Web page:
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Christianity and the Postmodern Turn: Six Views

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3.61  ·  Rating Details ·  36 Ratings  ·  6 Reviews
In our post-Cold War, post-colonial, post-Christian world, Western culture is experiencing a dramatic shift. Correspondingly, says Myron Penner, recent philosophy has taken a postmodern turn in which traditional concepts of reality, truth, language, and knowledge have been radically altered, if not discarded. Here James K.A. Smith, John Franke, Merold Westphal, Kevin Vanho ...more
Paperback, 240 pages
Published July 1st 2005 by Brazos Press
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Радостин Марчев
Книгата е силно философска и това трябва да се има предвид от хората, които биха желали да я отворят.
Самото й съдържание е смесено - двама от авторите са силно критични (алергични няма да е пресилена дума) към постмодерното мислене, трима са положително настроени, и един (Кевин Ванхузер) е някъде по средата. Целта е християни с различни убеждения да бъдат стимулирани да започнат да си говорят и слушат. Моето впечатление е, че това като цяло не се случва в книгата. Скот Смит и Дъглас Гейвет рабо
...more
Dwight Davis
Jul 07, 2011 Dwight Davis rated it liked it
My actual rating of this book would be 3 and a half stars. Alas, goodreads doesn't allow halfs.

Contrary to the reviewer named "Steve" on here, not every essay has something positive to say. Kevin Vanhoozer, Jamie Smith, and Merold Westphal all had some good things to say, with Westphal and Smith providing the best essays. Doug Geivett was a condescending jerk in his essays, painting a straw man of postmodernism and offering no grace to his opponents.

This book was also weighed down by too many
...more
Steve
Aug 17, 2010 Steve rated it really liked it
Every contributor has a good point to make in this book which made it very educational as for the different implications of how postmodernity effects Christianity. In a sense, the book itself can be construed as being post-modern! I think I have to agree with Kevin VanHoozer the most because he doesn't wholly accept or disavow postmodernism but takes from it where it benefits Christianity-the narrative for the purposes of redemptive history. And I think his critique of John Franke is right on: " ...more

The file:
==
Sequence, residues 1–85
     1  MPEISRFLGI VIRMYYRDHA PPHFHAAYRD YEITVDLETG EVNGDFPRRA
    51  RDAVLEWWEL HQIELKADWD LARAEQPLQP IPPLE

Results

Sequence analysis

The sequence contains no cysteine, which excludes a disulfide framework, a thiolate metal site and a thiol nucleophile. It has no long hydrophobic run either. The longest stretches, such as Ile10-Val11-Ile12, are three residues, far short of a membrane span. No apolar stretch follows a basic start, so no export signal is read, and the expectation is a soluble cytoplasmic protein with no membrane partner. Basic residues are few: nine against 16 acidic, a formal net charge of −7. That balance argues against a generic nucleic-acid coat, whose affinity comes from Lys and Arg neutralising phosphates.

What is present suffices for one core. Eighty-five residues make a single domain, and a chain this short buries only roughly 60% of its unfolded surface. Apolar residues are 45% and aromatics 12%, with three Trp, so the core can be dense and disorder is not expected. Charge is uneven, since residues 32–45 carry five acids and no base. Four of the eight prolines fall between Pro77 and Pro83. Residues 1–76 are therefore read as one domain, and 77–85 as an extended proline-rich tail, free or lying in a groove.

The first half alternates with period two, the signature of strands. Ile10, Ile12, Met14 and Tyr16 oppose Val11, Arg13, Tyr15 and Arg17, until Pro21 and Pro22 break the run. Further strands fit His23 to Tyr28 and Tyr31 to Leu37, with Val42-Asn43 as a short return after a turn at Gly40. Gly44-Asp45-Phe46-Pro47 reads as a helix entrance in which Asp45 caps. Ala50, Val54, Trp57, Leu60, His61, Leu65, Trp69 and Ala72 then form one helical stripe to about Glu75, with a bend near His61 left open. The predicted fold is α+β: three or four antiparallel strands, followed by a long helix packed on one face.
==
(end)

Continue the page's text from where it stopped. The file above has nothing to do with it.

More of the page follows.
Todd Miles
Geivett writes from the Biola perspective defending a chastened realism and a soft foundationalism. Scott Smith writes from the Biola perspective on the internal inconsistency of arguing for a linguistically constructed reality. Vanhoozer writes a good critique of the pomo use of language. Franke writes a short version of Beyond Foundationalism. Jamie Smith examines what Lyotard actually meant by a metanarrative. Westphal writes on Lyotard, as well as Heidegger and ontotheology. This is a very p ...more
Keith Brooks
Jul 12, 2011 Keith Brooks rated it really liked it
Great selection of authors. I only looked at Jamie Smith, Vanhoozer and the Biola guys. Franke was the weakest. I was delighted to see Vanhoozer channelling John Frame and Cornelius Van Til but without any footnotes. I would have appreciated his argument being tighter and more focussed like the Biola guys.
Andrew Canavan
May 25, 2013 Andrew Canavan rated it really liked it
Shelves: seminary, spring-2013
A pretty good introduction to various Christian positions on postmodernity. Unlike other "multiple views" books I've read, the authors thoroughly (and sometimes combatively) engage with one another. The essays by Vanhoozer, James K.A. Smith, and Westphal were excellent.
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Myron Bradley Penner (PhD, University of Edinburgh) is an Anglican priest in the Diocese of Edmonton, Alberta. He previously taught at Prairie College and Graduate School and served as a human development worker. He is the editor of Christianity and the Postmodern Turn and coauthor of A New Kind of Conversation.
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“Mastery” is an inappropriate image for depicting epistemological success; knowledge is an exercise not of power but of virtue.” 1 likes
“Christian thinkers, like everyone else, must accept their situatedness in language (i.e., history, culture, tradition). But they must also dispute the implication that such situatedness justifies either irresponsible play or joyless despair, for the story of language ends not with Babel but with Pentecost. Pentecost is especially important for understanding catholicity: the Spirit did not create church unity by creating a common tongue but ministered the Word of God to the assembled crowd in such a way that each person heard it in his or her own native language (Acts 2:8). Apparently there is not one language of heaven but many.” 1 likes
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